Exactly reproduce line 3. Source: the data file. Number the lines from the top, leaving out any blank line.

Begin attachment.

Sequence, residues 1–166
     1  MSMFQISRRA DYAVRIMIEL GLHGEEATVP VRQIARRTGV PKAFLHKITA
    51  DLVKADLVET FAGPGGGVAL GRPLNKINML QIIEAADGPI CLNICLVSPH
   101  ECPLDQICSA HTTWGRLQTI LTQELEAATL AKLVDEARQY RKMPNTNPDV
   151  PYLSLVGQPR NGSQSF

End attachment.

    51  DLVKADLVET FAGPGGGVAL GRPLNKINML QIIEAADGPI CLNICLVSPH